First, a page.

Societal Contribution Towards Female Labour Participation Rate

A significant drop in the female labour contribution rate in the labour force has raised concerns in India. According to data from the International Labour Organisation (ILO) and the Ministry of Statistics and Program Implementation (MoSPI), India follows many African and Asian countries in terms of Female Labour Contribution to the workforce. COVID-19’s impact on employment has only worsened the situation. 

An industry-wise study has reported that women’s contribution in agriculture and manufacturing has decreased, while the contribution of women in the service sector has witnessed a growth from 35.7% in 1977-78 to 64.7% in 2020-21. While nursing and teaching are considered the most suitable occupations for women in India, textile-related jobs have the highest share of urban women’s employment in the country, followed by domestic cleaning in the second place.  

When a woman chooses domestic responsibilities over her career, she receives numerous social and cultural benefits and brings stability to society. However, society has usually overlooked the economic contribution of women and has extensively restricted their roles and participation in the labour force. According to the Periodic Labour Force Survey Report, female labour contribution has decreased by 7.8 % in the last six years.

How can we increase women’s labour force contribution as a part of society? 

Give them the recognition they deserve 

According to NITI Aayog, women spend three times more time than male unpaid care workers worldwide. Unsurprisingly, women in India spend 9.8 times more time on unpaid work than men. It is crucial to recognise women’s contributions to their families, offices and economic activities. Also, we as part of society should ensure that they are paid equally to men for their occupational work.

Encourage them to work and be self-dependent 

Women are frequently found to be burdened more than men in terms of expectations related to tradition and religious practices. Though it is not widely discussed, the number of hours devoted to such activities can account for a significant portion of the day. Women should be encouraged around us to overcome the social shame and disgrace associated with working outside before they can work.

Raise voice against sexual harassment 

NCRB ( National Crime Record Bureau) reported that 3.59 lakh cases of sexual harassment against women were registered in 2017. Safety concerns considerably influence women’s career choices and work participation decisions. Pregnancy and menstruation, as well as the shame associated with them, further disfavour women. We should become a voice for women around us who can not counter or fight back against male dominance and ensure that any injustice will not happen to women, especially in the workplace.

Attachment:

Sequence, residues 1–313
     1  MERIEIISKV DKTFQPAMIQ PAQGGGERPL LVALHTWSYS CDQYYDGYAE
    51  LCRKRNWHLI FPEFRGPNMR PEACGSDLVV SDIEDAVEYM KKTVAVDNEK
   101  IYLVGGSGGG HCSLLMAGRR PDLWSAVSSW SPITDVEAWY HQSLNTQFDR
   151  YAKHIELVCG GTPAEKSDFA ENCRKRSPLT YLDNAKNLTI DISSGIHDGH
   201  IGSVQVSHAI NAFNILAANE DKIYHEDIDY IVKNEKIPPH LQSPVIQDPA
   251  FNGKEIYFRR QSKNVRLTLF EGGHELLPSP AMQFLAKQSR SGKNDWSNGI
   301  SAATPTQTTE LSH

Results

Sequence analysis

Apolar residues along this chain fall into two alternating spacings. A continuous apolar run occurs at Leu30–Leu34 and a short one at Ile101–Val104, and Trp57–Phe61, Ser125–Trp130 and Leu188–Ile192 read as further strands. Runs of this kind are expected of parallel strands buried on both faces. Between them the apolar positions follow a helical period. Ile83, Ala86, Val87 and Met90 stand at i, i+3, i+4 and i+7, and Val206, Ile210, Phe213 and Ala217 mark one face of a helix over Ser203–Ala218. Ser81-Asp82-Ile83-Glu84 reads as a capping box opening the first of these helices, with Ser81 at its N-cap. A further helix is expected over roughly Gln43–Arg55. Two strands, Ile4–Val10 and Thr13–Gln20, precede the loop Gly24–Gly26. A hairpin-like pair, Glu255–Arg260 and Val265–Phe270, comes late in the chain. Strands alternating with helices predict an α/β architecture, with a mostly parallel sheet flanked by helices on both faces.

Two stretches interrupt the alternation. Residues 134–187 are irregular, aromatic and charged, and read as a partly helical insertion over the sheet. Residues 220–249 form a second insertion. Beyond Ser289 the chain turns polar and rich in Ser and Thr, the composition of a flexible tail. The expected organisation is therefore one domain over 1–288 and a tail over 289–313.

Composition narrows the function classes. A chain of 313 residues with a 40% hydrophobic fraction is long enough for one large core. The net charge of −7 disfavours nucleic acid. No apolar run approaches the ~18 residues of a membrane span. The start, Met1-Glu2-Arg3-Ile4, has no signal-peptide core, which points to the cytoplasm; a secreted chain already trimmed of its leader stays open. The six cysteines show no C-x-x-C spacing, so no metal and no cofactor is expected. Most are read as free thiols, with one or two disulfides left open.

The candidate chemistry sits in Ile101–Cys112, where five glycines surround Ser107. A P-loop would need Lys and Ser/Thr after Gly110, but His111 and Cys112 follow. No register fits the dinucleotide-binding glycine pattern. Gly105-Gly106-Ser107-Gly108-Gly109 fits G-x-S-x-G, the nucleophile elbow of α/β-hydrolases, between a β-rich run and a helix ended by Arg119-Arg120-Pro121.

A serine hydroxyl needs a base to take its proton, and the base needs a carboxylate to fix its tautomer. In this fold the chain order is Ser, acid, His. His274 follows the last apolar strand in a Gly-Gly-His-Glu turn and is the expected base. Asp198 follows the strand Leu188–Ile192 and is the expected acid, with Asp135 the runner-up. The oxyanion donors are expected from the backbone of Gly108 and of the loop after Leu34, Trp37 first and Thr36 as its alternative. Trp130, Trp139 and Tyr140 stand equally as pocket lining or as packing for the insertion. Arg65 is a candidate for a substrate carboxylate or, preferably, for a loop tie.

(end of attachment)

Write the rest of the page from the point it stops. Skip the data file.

Measures to increase women’s contribution to the economy 

McKinsey Global Institute reported that if women’s contribution to the Indian economy can be brought to the level of men’s contribution, the GDP can be uplifted by 60% annually. Therefore, the government and authorities, citizens, and civil societies should take steps to infuse gender equality in employment and labour contribution. The following steps should be extended to the next level. 

Self Employed Women’s Association (SEWA) runs many ‘Sangini Centres” to offer inclusive child care for kids up to 5 years. With the help of its activists, these centres ensure that the child is receiving complete nutrition, a healthy environment and optimum childcare. Therefore, the number of such childcare centres should be considerably increased. 

To increase the female labour contribution rate, bridging the digital gap is crucial. It can be achieved with actions to increase the affordability of computers and smartphones, boost digital literacy in women, and prepare women-centric technical content. 

The pandemic has forced the corporate world to work remotely and we all witnessed the seamless work-life integration. Therefore, industries and corporations should come up with initiatives like extended maternity leave and flexibility to choose the workplace. 

However, creating more and more job opportunities is today’s demand, and motivating more young women to establish businesses and become entrepreneurs is a long-lasting solution. Creating ample job opportunities, promoting innovation, advancing investment in education and healthcare facilities, and increasing women’s entrepreneurship could impact the economy and society positively. 

The United Nations has taken an initiative named “Making Every Woman And Girl Count”. It was started in 2016,  focusing on gender data, ensuring continuous production of authentic and equivalent gender statistics, and ensuring that data is easily available to all. The Indian government is required to take such steps that they can use such gender-based data while making policies. 

The World Bank says, “No country can develop and achieve its full potential if half of its population is locked in non-remunerative, less productive and non-economic activities”. Consequently, in a country like India, where women’s education rate is less than men’s and the non-participation of half the population in economic activities is overlooked, we are missing the productivity growth, innovation and a much healthier economy. 

As a society, we need to explore ways to modify modern workplaces to make them women-friendly. Making efforts for increased women’s participation in work will not only fuel economic growth but can also address pending problems related to injustice, poverty and undervaluation. 

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